Brace Yourself for the Billion Dollar Debut of Bat-Girl!

The dazzling debut of Bat-Girl!, from "Batman" No. 139.
The dazzling debut of Bat-Girl!, from “Batman” No. 139.

It just had to happen.

Batman gained a female counterpart in 1956 in Batwoman, just in time to head off these freaky academics who were convinced Batman and Robin were P-Town buddies.

Readers had to wait five years for the next obvious addition to the Bat-Family.

In “Bat-Girl!” in “Batman” No. 139, cover date April 1961, written by Bill Finger and drawn by Sheldon Moldoff, the Bat-Family has been cornered by those dastardly fiends, the Cobra Gang.

Continue reading “Brace Yourself for the Billion Dollar Debut of Bat-Girl!”

I Wrote about Trump. Something Odd Happened.

Photo by Skitterphoto on Pexels.com

I’ve written a few times on my personal site, MarkPerigard.com, about Orange Babyhands.

As you might guess, it hasn’t been particularly flattering.

Not long after the first post, something unusual happened.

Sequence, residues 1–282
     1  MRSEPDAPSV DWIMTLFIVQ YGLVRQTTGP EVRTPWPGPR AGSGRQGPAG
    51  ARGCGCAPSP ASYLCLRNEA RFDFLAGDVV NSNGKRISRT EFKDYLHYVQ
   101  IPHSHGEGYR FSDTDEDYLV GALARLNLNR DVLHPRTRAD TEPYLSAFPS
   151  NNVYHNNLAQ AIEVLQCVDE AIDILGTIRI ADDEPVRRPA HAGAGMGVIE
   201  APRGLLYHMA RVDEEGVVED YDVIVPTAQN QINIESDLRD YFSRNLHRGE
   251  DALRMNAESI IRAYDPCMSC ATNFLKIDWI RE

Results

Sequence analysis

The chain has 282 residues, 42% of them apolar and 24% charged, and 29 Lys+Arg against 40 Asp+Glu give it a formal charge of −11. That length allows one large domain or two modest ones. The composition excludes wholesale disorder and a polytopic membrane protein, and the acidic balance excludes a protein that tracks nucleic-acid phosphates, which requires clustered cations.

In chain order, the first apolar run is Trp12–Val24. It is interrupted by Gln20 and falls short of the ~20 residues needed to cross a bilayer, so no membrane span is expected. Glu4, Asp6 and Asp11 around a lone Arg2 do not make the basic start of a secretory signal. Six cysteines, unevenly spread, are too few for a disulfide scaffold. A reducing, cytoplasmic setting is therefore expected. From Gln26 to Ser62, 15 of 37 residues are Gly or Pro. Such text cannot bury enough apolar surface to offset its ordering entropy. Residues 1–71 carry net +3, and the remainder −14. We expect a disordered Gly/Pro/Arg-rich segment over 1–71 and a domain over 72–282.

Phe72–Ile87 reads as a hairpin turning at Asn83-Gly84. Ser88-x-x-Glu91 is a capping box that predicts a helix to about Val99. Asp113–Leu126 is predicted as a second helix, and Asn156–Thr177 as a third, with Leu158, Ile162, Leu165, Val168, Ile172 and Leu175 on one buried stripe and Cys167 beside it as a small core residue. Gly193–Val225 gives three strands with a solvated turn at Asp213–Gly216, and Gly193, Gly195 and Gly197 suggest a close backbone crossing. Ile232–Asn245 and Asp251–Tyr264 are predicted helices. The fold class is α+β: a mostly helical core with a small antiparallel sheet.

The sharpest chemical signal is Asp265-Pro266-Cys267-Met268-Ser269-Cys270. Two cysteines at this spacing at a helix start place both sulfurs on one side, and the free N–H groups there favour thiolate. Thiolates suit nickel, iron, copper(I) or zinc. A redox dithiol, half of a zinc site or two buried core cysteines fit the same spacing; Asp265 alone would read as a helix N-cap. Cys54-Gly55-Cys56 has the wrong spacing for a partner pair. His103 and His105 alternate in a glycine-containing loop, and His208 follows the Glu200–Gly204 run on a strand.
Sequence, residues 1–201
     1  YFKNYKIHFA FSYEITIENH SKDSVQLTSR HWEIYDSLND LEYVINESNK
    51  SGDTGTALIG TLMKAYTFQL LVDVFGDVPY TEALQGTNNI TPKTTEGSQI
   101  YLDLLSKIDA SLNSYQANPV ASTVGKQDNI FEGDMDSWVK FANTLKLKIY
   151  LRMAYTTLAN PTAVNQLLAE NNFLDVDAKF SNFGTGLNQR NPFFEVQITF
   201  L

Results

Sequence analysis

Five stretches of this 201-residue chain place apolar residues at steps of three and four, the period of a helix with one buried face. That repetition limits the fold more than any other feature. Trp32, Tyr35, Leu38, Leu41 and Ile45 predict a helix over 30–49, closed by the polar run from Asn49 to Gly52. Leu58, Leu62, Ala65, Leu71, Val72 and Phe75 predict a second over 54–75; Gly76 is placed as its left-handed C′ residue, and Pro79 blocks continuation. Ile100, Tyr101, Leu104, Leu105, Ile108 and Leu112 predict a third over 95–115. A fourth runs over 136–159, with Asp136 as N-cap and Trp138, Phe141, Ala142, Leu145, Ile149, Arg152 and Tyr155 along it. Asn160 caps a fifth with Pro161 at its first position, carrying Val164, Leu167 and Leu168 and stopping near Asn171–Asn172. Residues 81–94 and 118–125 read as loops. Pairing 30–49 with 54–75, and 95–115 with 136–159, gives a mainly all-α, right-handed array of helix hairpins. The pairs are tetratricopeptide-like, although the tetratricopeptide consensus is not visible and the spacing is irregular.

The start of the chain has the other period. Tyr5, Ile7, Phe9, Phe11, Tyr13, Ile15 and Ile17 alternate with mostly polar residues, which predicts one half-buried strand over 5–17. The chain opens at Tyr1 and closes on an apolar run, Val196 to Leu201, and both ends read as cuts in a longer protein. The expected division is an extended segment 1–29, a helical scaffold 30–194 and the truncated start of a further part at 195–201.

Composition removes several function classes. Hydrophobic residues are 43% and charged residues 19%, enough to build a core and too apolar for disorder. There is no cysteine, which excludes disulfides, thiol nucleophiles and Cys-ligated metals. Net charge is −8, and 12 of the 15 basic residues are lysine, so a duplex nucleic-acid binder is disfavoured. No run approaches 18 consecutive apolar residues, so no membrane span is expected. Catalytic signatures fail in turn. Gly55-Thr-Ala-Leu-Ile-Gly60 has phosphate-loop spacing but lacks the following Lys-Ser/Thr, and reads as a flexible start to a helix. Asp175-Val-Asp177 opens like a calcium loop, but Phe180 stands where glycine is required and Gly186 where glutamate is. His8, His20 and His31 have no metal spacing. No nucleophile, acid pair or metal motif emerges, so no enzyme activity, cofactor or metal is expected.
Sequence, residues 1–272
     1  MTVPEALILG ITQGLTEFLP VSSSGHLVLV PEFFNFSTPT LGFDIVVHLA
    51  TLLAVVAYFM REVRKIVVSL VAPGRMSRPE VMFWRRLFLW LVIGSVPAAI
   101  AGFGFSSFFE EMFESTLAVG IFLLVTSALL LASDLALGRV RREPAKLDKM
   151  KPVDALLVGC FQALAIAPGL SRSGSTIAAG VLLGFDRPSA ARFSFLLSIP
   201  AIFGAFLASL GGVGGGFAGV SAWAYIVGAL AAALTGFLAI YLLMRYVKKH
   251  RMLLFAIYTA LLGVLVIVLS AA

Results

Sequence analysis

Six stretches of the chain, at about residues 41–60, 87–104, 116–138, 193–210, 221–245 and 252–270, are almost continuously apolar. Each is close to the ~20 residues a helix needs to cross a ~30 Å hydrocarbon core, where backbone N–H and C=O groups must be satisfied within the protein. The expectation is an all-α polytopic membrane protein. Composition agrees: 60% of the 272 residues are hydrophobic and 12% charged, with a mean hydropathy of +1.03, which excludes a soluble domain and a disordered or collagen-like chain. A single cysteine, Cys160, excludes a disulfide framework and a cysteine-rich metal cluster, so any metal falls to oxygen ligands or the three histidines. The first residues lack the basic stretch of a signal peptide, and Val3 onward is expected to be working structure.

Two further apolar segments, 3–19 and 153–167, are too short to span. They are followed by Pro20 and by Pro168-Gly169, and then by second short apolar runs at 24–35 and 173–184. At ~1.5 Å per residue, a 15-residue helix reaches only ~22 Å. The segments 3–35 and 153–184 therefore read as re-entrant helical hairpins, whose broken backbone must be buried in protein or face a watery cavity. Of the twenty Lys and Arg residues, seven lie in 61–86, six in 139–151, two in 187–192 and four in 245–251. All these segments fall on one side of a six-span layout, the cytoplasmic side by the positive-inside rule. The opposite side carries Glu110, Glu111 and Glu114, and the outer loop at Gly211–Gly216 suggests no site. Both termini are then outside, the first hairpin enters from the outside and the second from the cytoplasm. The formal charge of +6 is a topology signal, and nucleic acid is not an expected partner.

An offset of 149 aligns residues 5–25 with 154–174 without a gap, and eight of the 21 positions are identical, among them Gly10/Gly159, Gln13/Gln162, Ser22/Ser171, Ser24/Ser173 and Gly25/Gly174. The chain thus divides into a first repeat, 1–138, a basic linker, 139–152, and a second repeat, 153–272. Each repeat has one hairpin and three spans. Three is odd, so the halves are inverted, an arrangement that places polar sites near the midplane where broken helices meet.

All my posts across my site were bombed with spam … hundreds of unwelcome junk, most of it, judging from the use of the Russian email service Mail.Ru, from Russia.

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What You Might Not Know about ‘Flash of Two Worlds’

Flash No. 123DC released this week a facsimile edition of “The Flash” No. 123 featuring the Silver Age classic “Flash of Two Worlds.”

In this timeless tale, Barry Allen’s Flash travels to Earth 2 and meets his idol, the Golden Age Flash, Jay Garrick, making his first appearance in a decade.

You can make the case that this comic book from the fertile imagination of the legendary Gardner Fox is the single most significant comic book of the Silver Age, at least for DC Comics. It introduced into mainstream canon the notion of parallel worlds and the multiverse, igniting thousands of stories and what later came to be the hallmark and sometimes the curse of the DC Universe.

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No Way to Treat a Dame

Dame Agatha Christie (Photo: Christie Archive Trust)
Dame Agatha Christie (Photo: Christie Archive Trust)

It’s a puzzle almost worthy of the Queen of Mystery.

Why is someone sabotaging the works of Agatha Christie?

Christie is the mostly widely published writer in the world, selling more than 2 billion books worldwide, second only to the Bible and Shakespeare, according to her publisher William Morrow.

But for a writer so lucrative, why is William Morrow doing such a criminally poor job showcasing Christie’s work?

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